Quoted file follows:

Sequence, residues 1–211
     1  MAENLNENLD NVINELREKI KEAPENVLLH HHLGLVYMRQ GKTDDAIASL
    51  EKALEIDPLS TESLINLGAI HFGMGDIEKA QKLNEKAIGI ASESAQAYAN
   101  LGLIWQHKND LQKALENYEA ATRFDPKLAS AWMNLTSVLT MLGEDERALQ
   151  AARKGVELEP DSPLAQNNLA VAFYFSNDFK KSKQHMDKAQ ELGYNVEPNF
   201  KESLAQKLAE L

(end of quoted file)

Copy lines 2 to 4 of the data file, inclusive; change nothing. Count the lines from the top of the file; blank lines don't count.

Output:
     1  MAENLNENLD NVINELREKI KEAPENVLLH HHLGLVYMRQ GKTDDAIASL
    51  EKALEIDPLS TESLINLGAI HFGMGDIEKA QKLNEKAIGI ASESAQAYAN
   101  LGLIWQHKND LQKALENYEA ATRFDPKLAS AWMNLTSVLT MLGEDERALQ